The 398 students of Nguuku Secondary School spend too much of their time and energy finding and collecting water.
Their school currently has six rainwater tanks that only hold 30,000 liters of water, which is not sufficient to meet the boarding school's water demands. When the tanks run dry, students are forced to find water wherever they can, and most often, that is from the nearby riverbed scoop holes.
The need for additional water sends students to the Katse River in the evening, which is located about one kilometer away. If they cannot collect sufficient water, students are forced to ignore their personal hygiene, such as bathing and toothbrushing.
"Fetching water from the river is time-consuming and exhausting," said Kilonzi M., a student at Nguuku Secondary School, shown in the photo below collecting water.
Not only is it tiring for students, but it is also risky.
"The scoop hole at Katse river is close to a murram (paved) road with a bridge, making it unsafe and dangerous. Earlier this year, a lorry fell into the river, which could have been fatal if we were fetching water at that time," said Kilonzi.
When the rain tanks are not able to collect sufficient water during the short rainy periods, the school administrators are forced to purchase water from outside vendors, an expense that the school can't afford.
"My students spend their free time in the evening fetching water rather than playing with their mates or studying. This reduces their concentration and performance in class," said senior teacher Esther Ndunda (in the below photo).
"Water scarcity also makes managing this school difficult because most of the resources are spent on water expenses," said Esther. "School projects like feeding programs, agriculture, and construction of more classrooms end up stalling or [are] scraped off."
The students and staff of Nguuku Secondary School need a reliable water source that will see them through long drought periods so they can put their time, energy, and resources into other things.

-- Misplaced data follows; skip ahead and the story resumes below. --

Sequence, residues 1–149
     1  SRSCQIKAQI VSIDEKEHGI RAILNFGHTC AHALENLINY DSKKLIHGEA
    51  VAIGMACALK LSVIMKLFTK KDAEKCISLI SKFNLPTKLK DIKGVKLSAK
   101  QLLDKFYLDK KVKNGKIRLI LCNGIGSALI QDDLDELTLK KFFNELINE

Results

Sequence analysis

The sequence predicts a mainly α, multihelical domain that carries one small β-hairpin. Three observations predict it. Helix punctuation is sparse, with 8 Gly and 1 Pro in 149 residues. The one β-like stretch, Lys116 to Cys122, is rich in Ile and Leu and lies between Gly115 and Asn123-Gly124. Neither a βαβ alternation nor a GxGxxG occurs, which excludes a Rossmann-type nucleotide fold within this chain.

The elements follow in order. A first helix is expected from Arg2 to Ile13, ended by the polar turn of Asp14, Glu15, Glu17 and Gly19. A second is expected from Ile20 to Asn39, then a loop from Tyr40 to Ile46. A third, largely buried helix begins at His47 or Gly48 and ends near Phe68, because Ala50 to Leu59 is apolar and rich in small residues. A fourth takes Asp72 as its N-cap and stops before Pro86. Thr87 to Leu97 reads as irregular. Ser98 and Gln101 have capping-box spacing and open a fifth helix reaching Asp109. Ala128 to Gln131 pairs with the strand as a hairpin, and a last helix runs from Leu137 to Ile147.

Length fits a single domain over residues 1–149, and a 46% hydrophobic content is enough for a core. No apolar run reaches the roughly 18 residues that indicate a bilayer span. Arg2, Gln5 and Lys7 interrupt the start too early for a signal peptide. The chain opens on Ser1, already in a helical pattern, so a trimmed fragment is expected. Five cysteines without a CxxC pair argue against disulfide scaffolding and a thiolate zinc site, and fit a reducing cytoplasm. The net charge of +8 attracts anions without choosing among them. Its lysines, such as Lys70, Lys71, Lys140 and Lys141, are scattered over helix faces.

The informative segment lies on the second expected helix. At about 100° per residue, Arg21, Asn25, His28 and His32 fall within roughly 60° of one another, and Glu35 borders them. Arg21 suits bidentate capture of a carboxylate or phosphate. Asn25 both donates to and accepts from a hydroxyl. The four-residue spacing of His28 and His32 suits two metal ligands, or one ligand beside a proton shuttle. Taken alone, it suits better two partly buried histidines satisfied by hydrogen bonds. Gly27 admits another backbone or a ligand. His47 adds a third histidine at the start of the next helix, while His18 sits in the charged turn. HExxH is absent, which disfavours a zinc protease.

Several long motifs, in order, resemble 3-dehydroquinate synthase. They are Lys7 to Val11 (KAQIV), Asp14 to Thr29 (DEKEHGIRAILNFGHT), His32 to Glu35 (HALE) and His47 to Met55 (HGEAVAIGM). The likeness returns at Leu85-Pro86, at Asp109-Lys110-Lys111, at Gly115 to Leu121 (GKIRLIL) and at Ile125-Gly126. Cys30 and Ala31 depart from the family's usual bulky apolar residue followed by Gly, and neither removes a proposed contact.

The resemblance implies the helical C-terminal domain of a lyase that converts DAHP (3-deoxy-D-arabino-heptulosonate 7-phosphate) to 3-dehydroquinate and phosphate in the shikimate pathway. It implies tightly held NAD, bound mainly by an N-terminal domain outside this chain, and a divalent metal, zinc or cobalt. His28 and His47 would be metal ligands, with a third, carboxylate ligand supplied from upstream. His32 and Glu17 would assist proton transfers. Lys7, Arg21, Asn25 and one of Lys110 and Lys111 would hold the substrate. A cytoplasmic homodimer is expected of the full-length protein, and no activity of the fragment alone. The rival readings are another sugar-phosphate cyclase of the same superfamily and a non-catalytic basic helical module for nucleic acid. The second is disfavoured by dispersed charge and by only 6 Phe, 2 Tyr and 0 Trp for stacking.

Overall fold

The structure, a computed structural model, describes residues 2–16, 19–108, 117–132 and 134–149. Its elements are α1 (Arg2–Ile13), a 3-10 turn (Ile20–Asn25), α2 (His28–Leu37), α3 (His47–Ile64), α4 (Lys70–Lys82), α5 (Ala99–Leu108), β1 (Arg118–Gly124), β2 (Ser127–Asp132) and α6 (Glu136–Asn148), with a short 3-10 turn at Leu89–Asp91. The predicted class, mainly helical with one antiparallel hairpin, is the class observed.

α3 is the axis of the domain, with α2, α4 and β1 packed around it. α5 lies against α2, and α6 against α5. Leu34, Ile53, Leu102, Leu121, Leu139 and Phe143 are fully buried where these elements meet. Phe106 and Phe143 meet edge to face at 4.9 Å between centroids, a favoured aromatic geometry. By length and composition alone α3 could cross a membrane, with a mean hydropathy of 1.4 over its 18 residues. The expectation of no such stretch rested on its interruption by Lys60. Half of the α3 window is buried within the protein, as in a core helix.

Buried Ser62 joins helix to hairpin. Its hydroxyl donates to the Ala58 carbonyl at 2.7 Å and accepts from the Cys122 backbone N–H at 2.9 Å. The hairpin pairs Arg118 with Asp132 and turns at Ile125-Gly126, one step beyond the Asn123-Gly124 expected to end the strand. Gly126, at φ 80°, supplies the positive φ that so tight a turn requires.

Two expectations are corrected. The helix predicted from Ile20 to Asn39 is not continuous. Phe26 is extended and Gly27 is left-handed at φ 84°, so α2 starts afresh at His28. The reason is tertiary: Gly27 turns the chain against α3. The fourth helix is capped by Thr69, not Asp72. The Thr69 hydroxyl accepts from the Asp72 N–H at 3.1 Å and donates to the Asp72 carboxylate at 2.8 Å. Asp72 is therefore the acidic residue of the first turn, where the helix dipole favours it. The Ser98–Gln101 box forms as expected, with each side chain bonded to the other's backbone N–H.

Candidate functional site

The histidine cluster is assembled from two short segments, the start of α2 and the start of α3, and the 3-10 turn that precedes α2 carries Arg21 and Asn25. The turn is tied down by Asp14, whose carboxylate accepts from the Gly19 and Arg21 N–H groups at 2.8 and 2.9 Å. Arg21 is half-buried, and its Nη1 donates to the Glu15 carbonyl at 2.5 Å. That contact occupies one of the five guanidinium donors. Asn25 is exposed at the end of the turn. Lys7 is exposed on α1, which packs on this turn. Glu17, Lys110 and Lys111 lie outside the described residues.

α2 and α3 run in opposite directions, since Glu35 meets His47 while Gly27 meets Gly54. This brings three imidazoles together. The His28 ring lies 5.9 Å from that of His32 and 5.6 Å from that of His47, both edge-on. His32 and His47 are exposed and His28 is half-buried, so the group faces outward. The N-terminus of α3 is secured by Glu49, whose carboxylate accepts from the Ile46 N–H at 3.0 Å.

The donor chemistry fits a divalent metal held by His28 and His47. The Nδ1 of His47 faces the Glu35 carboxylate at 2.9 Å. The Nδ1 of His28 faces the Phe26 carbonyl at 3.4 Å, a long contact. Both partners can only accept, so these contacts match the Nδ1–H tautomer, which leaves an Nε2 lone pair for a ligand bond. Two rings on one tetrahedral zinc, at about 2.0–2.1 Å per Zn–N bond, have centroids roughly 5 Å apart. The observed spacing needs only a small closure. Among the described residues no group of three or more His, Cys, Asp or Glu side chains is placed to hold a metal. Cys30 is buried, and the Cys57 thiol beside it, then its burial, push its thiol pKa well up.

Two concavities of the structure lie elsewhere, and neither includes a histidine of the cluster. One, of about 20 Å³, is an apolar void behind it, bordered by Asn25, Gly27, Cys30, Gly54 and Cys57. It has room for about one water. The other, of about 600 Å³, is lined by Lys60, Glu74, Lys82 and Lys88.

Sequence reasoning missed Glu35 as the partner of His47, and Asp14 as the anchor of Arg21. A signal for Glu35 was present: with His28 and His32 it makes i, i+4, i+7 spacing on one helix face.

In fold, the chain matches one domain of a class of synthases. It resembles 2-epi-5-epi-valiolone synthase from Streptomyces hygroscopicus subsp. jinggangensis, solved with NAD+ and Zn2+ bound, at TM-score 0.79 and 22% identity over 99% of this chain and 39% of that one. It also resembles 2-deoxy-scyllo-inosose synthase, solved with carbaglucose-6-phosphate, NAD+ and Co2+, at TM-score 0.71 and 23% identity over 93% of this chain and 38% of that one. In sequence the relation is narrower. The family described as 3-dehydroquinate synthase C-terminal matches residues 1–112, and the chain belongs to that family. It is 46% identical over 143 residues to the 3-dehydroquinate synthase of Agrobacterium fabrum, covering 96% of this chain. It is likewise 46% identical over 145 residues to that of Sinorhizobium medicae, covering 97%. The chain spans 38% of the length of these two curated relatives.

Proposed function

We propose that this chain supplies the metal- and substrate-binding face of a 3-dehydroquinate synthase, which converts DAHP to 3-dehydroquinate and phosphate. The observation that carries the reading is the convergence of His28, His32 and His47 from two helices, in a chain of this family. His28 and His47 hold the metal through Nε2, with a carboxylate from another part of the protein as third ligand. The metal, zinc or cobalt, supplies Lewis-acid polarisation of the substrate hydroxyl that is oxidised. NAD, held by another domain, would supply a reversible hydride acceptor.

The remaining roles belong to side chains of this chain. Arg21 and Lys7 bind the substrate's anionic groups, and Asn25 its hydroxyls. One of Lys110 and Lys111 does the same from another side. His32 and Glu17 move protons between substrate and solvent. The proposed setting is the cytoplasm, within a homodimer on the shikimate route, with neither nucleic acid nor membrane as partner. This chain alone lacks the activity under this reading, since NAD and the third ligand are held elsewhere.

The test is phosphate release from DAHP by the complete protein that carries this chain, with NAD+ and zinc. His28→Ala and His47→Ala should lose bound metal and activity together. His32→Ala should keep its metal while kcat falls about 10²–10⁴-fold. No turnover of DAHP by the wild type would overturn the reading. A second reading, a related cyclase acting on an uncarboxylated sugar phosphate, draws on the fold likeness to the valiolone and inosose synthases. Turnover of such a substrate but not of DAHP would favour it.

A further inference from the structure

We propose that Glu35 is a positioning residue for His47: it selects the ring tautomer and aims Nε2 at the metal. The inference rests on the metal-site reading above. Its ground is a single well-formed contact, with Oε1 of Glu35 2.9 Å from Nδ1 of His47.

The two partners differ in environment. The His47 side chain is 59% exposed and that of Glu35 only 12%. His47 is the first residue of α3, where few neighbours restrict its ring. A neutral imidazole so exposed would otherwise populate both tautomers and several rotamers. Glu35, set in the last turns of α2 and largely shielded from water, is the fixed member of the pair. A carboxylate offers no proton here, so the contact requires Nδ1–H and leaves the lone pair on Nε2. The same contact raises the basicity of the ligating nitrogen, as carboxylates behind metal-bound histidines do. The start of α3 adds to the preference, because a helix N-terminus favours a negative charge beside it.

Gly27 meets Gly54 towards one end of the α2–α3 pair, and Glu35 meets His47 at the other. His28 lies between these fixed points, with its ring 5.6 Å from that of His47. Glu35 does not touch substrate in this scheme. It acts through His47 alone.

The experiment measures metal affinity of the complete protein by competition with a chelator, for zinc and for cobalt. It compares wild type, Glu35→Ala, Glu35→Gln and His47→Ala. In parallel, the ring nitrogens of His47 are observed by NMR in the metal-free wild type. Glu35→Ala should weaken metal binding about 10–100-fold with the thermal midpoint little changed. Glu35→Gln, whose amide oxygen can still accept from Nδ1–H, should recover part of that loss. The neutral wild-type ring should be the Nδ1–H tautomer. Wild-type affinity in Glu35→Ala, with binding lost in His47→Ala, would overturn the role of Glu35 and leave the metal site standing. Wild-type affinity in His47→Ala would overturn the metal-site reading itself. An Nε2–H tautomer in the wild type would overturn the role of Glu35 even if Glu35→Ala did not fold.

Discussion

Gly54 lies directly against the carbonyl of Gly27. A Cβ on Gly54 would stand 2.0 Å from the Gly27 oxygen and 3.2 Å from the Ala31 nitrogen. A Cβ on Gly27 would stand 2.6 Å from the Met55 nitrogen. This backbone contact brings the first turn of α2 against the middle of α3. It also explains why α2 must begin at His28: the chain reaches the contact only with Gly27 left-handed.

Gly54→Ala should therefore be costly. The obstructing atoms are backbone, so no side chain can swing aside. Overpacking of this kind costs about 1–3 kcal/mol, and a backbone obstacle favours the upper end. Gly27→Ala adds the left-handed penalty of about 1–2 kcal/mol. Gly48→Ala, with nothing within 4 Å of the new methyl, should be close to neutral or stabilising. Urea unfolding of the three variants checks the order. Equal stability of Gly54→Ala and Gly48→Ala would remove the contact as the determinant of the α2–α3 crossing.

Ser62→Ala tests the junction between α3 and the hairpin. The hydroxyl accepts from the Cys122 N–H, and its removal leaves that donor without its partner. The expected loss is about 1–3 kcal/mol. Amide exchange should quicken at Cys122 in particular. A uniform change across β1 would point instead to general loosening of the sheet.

We will build a 104,000-liter rain tank for this school, making the others look tiny in comparison. Because of how rarely it rains in Southeastern Kenya, this tank's large volume is designed to store as much water as possible during the seasonal rains, making more water available through the dry months. This water will benefit the students, teachers, and supplementary staff.
Parents will mobilize the materials needed for construction, including sand, stones, and water. They will also lend their strength and time to help with the construction. We will complement their materials with a skilled artisan to lead the project in addition to providing the tools, lumber, metal, cement, and gutter system.
As soon as the tank has time to cure, it can begin collecting rainwater for the school's use.
We will train students and staff on sanitation, hygiene, and other topics for 1 day. Those in attendance will form a school health club that will promote good hygiene and sanitation practices both at school and at home. They will learn all of the steps to proper handwashing, how to treat water, and how to keep their environment clean. The school will also be taught how to best oversee and maintain their new rain tank and handwashing stations.
A total of 3 handwashing stations will be installed upon the project’s completion and before training. These are 1,000-liter plastic tanks fitted with 3 taps each, allowing 9 students to wash their hands at once. The student health club and school management will be responsible for making sure the tanks are filled with water and that a cleaning agent such as soap or ash is always available.